With the world fixated on the novel coronavirus (COVID-19) pandemic, there was a new flu-related death in Connecticut last week, bringing the total to 78 for the season.
According to the Connecticut Department of Health, the flu has gone from “widespread” to "regional" statewide, with a total of 2,993 influenza-related hospitalizations reported since the beginning of the flu season, including just 22 in the past week, dramatically down from the week before.
As of the week ending on Saturday, April 4, just one of the 78 flu-related deaths reported was a toddler, the bulk were senior citizens.
There have been 12,837 positive influenza tests reported to the Department of Health, with the percentage of emergency department visits for influenza-like illness dropping from 6.94 percent the week prior to 5.84 percent.
Nationally, there have been more than 10 million flu illnesses, 91,000 hospitalizations and 5,000 deaths from flu during the current flu season, and health officials said things are expected to get worse before they get better.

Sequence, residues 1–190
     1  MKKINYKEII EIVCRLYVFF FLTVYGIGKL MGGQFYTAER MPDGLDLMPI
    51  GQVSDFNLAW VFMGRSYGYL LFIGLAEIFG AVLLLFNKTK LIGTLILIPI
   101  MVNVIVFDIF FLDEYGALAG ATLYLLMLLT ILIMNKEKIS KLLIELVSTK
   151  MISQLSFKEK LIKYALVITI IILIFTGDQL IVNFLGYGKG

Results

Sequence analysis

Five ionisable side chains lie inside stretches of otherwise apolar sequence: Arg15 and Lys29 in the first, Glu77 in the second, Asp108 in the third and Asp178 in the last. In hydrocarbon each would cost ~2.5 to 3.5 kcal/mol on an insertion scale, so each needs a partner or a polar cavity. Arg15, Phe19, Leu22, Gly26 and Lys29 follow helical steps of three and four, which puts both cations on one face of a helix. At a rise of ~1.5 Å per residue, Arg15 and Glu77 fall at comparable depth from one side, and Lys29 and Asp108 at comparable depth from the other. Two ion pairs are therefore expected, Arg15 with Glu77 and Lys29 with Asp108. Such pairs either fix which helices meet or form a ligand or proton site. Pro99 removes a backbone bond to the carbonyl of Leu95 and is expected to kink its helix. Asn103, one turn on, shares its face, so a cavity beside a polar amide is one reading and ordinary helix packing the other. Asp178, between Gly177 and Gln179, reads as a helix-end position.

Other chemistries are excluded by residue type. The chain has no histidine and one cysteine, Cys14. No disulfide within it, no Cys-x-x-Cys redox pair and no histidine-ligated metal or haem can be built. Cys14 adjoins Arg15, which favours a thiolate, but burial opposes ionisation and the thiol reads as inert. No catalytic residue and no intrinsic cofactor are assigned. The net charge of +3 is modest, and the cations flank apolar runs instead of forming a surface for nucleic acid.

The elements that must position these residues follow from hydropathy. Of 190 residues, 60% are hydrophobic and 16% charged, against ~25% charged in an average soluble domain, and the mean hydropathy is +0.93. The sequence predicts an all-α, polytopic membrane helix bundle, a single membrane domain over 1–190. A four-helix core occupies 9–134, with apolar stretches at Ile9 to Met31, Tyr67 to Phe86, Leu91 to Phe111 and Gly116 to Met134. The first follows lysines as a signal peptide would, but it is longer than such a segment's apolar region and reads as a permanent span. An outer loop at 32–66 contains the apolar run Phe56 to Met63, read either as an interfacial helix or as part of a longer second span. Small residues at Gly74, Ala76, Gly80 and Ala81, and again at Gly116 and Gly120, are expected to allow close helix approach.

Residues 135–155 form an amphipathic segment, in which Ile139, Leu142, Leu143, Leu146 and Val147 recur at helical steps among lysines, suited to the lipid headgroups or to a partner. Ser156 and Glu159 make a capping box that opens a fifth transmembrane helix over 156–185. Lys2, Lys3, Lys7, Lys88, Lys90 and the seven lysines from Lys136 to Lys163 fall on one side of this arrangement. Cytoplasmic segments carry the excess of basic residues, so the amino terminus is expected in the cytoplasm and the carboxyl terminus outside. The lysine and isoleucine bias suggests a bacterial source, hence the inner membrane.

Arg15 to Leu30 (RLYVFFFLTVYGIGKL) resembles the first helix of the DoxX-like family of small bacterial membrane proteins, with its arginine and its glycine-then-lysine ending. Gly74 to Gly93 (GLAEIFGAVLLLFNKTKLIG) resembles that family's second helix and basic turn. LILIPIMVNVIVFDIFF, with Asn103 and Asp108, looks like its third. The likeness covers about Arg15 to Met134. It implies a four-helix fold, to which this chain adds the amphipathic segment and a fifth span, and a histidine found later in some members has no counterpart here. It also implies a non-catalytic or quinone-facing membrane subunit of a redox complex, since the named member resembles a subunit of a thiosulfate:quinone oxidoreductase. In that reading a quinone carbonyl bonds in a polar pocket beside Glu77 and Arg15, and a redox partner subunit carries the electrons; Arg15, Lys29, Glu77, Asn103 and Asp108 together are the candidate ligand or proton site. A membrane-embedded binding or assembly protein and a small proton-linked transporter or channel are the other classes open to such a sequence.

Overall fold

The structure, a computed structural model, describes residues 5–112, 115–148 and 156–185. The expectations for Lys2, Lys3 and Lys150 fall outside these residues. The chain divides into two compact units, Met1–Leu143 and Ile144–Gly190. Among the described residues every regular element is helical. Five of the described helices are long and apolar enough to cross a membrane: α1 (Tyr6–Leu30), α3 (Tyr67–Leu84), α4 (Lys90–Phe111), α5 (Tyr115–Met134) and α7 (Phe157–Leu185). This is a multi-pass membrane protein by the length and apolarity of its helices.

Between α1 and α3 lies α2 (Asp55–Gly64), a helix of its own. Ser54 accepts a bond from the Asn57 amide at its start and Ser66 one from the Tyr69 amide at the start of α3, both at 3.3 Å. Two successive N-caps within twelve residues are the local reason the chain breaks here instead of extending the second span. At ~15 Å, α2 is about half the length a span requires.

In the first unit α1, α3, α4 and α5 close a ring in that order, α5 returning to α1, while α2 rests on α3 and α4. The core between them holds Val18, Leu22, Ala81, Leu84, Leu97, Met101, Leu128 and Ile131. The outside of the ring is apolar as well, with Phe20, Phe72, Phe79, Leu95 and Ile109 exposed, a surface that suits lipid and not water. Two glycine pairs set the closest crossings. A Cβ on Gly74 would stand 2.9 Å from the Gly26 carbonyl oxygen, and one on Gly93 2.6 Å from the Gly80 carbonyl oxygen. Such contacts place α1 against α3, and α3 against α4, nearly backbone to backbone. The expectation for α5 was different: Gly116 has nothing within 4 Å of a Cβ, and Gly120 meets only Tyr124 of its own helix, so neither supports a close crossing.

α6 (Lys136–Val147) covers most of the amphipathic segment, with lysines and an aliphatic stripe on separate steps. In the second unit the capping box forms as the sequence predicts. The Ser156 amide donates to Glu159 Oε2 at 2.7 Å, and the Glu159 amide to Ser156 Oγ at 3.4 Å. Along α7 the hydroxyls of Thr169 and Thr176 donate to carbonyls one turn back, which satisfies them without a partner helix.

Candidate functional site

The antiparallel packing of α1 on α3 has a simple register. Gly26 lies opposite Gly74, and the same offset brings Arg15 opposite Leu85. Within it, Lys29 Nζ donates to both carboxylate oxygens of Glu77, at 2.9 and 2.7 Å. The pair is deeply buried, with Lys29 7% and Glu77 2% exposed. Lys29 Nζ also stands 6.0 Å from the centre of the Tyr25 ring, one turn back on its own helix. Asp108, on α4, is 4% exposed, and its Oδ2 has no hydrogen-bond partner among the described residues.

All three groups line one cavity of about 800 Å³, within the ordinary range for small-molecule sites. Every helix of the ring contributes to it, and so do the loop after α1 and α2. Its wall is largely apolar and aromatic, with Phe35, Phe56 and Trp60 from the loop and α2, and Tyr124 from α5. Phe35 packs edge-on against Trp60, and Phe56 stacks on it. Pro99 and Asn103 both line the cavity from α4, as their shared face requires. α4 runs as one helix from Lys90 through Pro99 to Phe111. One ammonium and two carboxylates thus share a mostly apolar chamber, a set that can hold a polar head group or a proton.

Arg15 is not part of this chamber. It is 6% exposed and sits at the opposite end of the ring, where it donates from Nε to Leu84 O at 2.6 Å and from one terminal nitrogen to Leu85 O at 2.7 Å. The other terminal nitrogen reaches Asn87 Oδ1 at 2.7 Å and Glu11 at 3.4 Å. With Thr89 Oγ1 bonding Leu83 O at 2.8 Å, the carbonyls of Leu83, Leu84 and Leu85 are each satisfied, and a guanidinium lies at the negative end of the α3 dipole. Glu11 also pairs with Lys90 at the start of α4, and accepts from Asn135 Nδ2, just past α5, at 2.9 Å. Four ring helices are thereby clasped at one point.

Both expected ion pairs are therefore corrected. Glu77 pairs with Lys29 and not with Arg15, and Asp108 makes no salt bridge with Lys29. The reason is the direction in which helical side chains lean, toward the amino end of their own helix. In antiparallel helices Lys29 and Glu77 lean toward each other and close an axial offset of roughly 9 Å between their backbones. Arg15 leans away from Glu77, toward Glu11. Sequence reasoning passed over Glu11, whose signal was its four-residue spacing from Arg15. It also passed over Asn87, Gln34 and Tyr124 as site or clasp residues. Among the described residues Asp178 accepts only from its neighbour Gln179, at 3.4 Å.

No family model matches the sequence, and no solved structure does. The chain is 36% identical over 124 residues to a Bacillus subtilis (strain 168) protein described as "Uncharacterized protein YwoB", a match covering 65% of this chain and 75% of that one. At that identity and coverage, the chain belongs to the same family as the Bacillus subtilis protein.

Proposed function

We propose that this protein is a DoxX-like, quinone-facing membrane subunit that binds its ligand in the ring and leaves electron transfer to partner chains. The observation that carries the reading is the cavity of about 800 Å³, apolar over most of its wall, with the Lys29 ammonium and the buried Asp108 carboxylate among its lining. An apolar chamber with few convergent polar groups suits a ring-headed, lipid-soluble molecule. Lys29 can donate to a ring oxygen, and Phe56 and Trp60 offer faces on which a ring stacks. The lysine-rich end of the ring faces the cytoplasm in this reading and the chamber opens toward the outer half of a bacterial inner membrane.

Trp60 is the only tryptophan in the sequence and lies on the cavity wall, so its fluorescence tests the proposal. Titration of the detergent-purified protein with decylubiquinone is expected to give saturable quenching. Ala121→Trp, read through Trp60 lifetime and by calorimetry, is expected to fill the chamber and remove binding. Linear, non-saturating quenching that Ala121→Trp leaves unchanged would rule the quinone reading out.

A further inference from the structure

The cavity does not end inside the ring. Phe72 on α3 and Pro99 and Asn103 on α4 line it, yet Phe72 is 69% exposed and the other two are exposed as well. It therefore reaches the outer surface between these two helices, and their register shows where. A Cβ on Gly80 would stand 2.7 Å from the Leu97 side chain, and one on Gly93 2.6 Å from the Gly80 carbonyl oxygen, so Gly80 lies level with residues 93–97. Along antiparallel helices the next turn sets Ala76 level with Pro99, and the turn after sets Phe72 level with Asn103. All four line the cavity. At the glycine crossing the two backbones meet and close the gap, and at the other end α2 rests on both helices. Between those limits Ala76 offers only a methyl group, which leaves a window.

In 2018 and 2019, 3,506 people were hospitalized with influenza-associated illness in Connecticut and 88 people died.
The Department of Health estimates that flu has resulted in between 9.2 million and 35.6 million illnesses each year in the United States and several deaths. Of those illnesses, an estimated 9 percent were hospitalized.
According to the CDC, the flu infects the respiratory tract. “As the infection progresses, the body’s immune system responds to fight the virus.
"This results in inflammation that can trigger respiratory symptoms such as a cough and sore throat. The immune system response can also trigger fever and cause muscle or body aches.
"When infected person coughs, sneezes, or talks, they can spread influenza viruses in respiratory droplets to people who are nearby.
"People might also get flu by touching a contaminated surface or object that has flu virus on it and then touching their own mouth or nose.”
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